USA's GDP (at this time) is ~21 trillion dollards, and UK's is ~2.8 trillion dollars, then how come UK's currency is more than USA's. By that I mean, 1 GBP gets you more than 1 USD.

  • $\begingroup$ Generally, the exchange rate for currencies depends on the market forces(Supply and Demand) in the foreign exchange market. To my knowledge, trade is one of the major factors which affects the demand/supply for various currencies. I don't see how GDP would fit anywhere into this as it is only measuring domestically produced goods. $\endgroup$
    – Sahaj
    Jan 26 at 15:11

Because currency exchange rate does not depend only on the size of output. Using monetary model of exchange rates, which is reasonable first approximation for where the exchange rate between two countries should be, we get that exchange rate ($S$) is given by:

$$\ln S= \ln(m)- \ln(m_f) -(\ln(y)-\ln(y_f))+\lambda(i-i_f)$$

where $m$ is money supply at home and $m_f$ in foreign country, $y$ is the real output at home and $y_f$ in foreign country and $i$ is the interest rate at home and $i_f$ in foreign country.

According, to Statista the money supply (M2) in UK was about 2700 billion GBP, whereas in the US M2 was about 19 trillions (i.e. 19000 billions) of USD.

UK has slightly lower interest rate than US but the difference is very small.

As a matter of fact if you just naively apply the monetary model of exchange rates above (assuming away difference in interest rate to simplify calculations) you will find that GBP should be stronger than USD. This being said the model above won't give you precise exchange rate because in short run exchange rate can overshoot (e.g. as explained by Dornbusch overshooting model of exchange rate), or exchange rate might move in short run due to various other reasons (e.g. traders can scapegoat different fundamentals as predicted by the scapegoat theory of exchange rates (see Fratzscher et al 2015), or there might be carry trade etc.). Furthermore, what matters is not just the present value of the fundamentals but also how their expectations change, this is again not captured by the simple model presented above but more complex nuanced versions of it include expectations as well.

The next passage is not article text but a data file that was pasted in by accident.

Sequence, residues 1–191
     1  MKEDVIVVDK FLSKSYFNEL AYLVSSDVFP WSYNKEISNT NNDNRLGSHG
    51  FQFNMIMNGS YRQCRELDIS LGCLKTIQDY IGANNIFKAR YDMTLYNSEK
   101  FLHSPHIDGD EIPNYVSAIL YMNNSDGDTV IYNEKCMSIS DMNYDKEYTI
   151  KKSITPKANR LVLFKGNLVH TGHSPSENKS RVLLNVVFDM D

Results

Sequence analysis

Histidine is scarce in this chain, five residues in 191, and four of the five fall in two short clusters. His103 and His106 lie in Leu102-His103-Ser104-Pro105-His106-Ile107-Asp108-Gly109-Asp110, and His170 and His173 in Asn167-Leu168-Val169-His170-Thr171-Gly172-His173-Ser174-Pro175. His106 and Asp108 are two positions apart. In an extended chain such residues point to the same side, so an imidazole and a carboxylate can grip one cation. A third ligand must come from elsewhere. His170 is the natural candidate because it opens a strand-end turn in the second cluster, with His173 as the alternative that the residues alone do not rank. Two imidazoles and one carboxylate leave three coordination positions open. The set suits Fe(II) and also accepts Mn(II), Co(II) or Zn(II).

To sum up the GBP is stronger because there are more variables than just output that matter for exchange rate that are in favor of GBP and additionally even if fundamentals would suggest that USD should be stronger in short-run exchange rate can deviate from the rate that would be justified by fundamentals either because it overshoots or other reasons (discussing every possible reason for that would be beyond scope of SE answer, you can have look at an overview of literature in Copeland: Exchange Rates and International Finance textbook).


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